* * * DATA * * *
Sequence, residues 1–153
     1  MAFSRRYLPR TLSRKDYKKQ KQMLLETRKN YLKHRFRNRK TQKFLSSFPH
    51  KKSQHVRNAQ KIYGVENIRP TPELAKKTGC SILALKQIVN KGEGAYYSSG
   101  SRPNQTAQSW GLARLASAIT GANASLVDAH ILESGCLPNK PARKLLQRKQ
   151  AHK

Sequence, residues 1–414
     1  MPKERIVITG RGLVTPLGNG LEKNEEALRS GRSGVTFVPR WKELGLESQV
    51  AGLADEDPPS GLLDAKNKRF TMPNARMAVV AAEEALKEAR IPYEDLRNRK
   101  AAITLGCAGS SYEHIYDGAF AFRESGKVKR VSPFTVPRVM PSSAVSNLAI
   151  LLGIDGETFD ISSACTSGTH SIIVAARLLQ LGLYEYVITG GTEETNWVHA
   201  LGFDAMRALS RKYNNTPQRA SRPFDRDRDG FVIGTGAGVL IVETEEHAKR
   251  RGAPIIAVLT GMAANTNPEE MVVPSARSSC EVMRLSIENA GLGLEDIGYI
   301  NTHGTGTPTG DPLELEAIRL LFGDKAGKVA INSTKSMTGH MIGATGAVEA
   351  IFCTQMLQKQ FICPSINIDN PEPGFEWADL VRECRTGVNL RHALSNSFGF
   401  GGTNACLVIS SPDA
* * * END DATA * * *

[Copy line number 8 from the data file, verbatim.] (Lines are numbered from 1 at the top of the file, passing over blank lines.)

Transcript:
    51  AGLADEDPPS GLLDAKNKRF TMPNARMAVV AAEEALKEAR IPYEDLRNRK